Quito, Ecuador often leaves tourists literally breathless. Quito's blustery foggy nights and ring of towering mountains can also almost make you forget that you're only 25 miles from the equator. Going from sea level to Quito (10,000 feet) can make wandering the city a little rough on the lungs. If you take it easy though, there are lots of wonderful sites not-to-miss in this high-altitude capital.
For fantastic views of the city, take the TeleferiQo (gondola lift) up 4000 feet into the mountains surrounding Quito to enjoy spectacular views of the city. After only an hour at that elevation headaches and a chilly breeze may chase you back down into what feels like deliciously rich oxygen in Quito.
It's also quick 30 minute drive out of Quito to celebrate and learn plenty of fun facts and fiction about the equator. There are two rival tourist traps to visit here, each entertaining for wildly different reasons. 30 years ago La Mitad del Mundo (the Middle of the World) park was built on the site where the equator was thought to be. This park commemorates 0,0,0 latitude with a giant obelisk, trinket shops, restaurants, a miniature recreation of Quito, and a surprisingly informative ethnographic museum detailing the many indigenous Ecuadorian peoples. Once GPS technology could exactly identify the location of the equator (about 200 m away from La Mitad del Mundo park), Museo Solar Inti Ñan, a smaller quirky park, sprung up to compete. According to Google Earth however, Inti Ñan is not on the actual equator either. This cactusy park offers a bizarre smorgasbord of information on native peoples, a real shrunken head, giant pythons preserved in glass barrels, and plenty of cleverly faked demonstrations. They 'demonstrate' how the Coriolis effect causes water to drain in different directions on either side of the equator, balance an egg on its end (supposedly only possible directly on the equator), and showed how our muscles were weaker on the equator than off the equator. Impressive, almost certainly faked.
Take a day to explore Quito's beautiful Old Town as well. It is packed with several churches per block, indigenous folks selling Chiclets and handicrafts, and a couple of lawsuit-worthy opportunities if this were the US. The gothic Basilica del Voto Nacional towers high above Old Town, complete with grimacing gargoyls, giant stained glass windows, and delicate towers. For just $3/person, you can climb up to the highest points of two of the Basilica's towers. After crossing rickety wooden plank platforms, climbing rusty rebar ladders, and scaling almost vertical stairways, you will be rewarded with great views across Quito, unimpeeded by pesky safety barriers or railings.
Around Quito's main plaza are several other old churches, with stunning gold filigree and bloody crucifixes. After the sun sets, Old Town was beautifully lit by streetlights. Check to see if the Foundation of Art and Culture is sponsoring any folkloric events in Quito while you're there as well. The performances can range from ancient fertility dances to more recent Spanish influenced waltzes, accompanied by the bright live music of guitars and flutes and complimented by gorgeous costumes.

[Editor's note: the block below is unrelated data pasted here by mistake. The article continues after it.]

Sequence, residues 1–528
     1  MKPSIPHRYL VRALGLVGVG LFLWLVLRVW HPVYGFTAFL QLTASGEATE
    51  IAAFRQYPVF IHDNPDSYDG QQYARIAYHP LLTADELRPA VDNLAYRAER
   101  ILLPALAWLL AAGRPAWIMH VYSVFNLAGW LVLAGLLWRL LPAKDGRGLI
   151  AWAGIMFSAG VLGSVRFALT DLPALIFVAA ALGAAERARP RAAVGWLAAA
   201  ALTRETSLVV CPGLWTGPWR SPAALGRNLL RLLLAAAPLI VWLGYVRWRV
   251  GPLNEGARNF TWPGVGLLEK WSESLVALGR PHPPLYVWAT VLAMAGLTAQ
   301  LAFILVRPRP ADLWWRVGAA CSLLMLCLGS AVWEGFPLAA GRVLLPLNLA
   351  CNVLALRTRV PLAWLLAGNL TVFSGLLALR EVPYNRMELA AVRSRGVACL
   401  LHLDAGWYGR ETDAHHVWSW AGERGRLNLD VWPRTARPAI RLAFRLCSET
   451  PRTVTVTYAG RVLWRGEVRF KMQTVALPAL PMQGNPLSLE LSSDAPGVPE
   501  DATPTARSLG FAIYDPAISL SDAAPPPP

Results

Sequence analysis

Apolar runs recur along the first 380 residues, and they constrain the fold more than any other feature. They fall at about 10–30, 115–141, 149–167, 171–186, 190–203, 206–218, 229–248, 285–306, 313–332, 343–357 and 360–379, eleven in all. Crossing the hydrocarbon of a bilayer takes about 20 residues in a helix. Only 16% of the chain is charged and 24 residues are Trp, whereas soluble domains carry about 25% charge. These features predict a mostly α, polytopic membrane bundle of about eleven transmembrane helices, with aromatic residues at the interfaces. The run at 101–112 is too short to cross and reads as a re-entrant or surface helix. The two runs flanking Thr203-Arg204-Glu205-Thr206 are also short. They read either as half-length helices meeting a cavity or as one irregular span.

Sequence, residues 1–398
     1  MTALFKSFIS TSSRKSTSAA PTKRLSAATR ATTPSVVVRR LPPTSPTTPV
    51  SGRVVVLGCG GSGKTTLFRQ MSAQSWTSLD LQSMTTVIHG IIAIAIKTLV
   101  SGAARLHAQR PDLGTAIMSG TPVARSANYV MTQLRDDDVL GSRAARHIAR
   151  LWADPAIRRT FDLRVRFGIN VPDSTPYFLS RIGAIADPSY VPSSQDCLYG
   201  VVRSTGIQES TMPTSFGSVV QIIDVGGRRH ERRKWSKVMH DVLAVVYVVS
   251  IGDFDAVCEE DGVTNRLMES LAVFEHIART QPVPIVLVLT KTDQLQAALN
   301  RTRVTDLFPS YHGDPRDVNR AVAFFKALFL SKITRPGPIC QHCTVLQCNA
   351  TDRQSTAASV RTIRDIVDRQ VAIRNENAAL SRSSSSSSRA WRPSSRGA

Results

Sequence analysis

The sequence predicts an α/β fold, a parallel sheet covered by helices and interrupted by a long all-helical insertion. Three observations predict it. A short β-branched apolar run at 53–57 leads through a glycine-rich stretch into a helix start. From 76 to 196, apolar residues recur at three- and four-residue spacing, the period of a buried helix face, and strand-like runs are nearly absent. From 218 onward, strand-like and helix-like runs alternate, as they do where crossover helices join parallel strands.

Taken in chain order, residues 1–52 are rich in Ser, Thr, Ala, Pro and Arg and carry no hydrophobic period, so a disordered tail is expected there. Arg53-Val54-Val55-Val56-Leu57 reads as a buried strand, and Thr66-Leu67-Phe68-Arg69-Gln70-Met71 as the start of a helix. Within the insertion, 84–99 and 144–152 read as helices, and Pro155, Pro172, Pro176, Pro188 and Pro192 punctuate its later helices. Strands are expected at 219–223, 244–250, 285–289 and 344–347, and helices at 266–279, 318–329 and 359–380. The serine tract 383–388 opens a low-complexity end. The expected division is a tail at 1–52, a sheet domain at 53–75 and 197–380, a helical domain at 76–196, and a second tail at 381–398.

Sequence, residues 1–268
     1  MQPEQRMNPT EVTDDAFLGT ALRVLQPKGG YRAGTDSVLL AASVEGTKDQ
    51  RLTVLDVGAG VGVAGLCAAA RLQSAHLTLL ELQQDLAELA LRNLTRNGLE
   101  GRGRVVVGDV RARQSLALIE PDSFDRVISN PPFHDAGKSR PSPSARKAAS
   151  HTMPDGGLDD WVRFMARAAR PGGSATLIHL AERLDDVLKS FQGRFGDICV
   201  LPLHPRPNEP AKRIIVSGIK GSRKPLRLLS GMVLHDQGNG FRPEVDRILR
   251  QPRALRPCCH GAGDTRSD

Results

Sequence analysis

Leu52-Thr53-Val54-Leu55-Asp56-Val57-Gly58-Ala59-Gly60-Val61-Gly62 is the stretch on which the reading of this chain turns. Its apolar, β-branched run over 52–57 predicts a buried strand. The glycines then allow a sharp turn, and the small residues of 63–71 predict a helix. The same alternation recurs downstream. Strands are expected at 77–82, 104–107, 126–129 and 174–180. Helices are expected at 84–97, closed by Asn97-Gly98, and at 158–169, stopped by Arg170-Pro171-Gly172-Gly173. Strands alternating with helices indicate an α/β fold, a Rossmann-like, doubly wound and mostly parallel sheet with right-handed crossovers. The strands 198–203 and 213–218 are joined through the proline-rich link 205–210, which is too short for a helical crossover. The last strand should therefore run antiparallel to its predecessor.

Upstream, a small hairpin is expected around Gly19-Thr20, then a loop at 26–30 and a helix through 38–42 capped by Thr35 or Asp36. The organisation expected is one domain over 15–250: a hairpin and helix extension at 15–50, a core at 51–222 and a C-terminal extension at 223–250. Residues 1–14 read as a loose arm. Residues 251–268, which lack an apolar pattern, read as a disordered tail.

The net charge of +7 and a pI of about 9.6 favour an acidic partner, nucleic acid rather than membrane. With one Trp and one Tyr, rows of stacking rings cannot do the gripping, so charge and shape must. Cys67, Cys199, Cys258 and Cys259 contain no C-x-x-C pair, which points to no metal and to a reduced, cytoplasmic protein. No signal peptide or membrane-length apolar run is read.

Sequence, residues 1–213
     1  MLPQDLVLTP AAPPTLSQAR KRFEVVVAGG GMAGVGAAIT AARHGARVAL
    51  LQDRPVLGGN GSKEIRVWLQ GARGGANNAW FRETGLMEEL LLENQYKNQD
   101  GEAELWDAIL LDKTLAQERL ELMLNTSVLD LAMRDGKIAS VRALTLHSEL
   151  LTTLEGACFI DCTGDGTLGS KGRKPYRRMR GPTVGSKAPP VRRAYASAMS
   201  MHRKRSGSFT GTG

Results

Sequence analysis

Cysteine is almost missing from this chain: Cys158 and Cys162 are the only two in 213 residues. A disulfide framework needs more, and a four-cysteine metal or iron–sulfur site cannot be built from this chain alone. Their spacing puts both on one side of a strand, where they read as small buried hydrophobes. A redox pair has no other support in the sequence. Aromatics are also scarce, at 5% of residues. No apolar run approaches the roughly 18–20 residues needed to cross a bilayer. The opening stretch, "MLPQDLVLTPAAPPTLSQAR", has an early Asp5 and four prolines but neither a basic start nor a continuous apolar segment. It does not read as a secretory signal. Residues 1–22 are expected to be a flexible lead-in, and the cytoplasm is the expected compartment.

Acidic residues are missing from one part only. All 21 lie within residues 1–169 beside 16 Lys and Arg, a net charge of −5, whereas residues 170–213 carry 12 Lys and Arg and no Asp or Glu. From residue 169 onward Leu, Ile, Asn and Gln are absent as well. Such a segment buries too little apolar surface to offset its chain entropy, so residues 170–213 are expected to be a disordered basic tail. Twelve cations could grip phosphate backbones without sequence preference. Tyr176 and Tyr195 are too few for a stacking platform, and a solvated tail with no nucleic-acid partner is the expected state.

TeleferiQo: Takes off at 9,680 ft and reaches 13,284 ft from Cruz Loma, one of the hills on the slopes of the active Pichincha volcano. $4 roundtrip, takes about 10 minutes one way
Mitad del Mundo: Open 365 days a year, the park complex has restaurants, and interesting Ethnographic museum, restrooms, and ample parking. Located in the Pichinca province north of Quito.
http://www.pichincha.gov.ec/lugarturistico/cgiInfoAtraTuri.asp?txtCodiLugaTuri=1701_093 (site in Spanish)
http://www.museointinan.com.ec/ (site in Spanish)
Basilica del Voto Nacional: Free access to the sanctuary, addition $3 to climb the towers. Open 7 days a week 9:30-5:30 pm
Foundation of Art and Culture: http://www.quitusecuador.com/fundacion/index.php (site in Spanish). Check for performance schedule.
Where to stay: Splurge at the Plaza Grande, a luxury hotel located on Quito's main square in Old Town. Royal suite for $550, Presidential suite for $2000. Spare your checkbook at Hotel La Cartuja, singles for $37, doubles for $45.
Where to eat: Splurge at Cucurucho de Santa Cruz in the Old City. Rocafuerte y Benalcazar, 228-5866. Traditional Ecuadorian cuisine (but the gourmet version). $15-$50. Eat like a local at any of the many small restaurants with set lunches that are only open from around noon till 3 pm. Look for something clean and busy - a good sign. Set lunch usually includes a filling soup, choice of one entrees (often chicken or fish) accompanied by salad, and a fresh juice for $2-$3.
Things to eat and typical prices:
Ceviche: $4-$8/dish. Ceviche (uncooked fish that has been cured in lime juice, onions, and spices) in Ecuador is served as a tomato based soup, and is typically served with friend plantains
Pizza: $5-10 (enough for 2 people)
Tortilla de choclo: $0.50 each. A delicious local dish, it is a hearty pancake made with whole corn that is grilled and served with a creamy sauce.
Large Pilsener (Ecuadorian Beer): $1.25 (225 mL)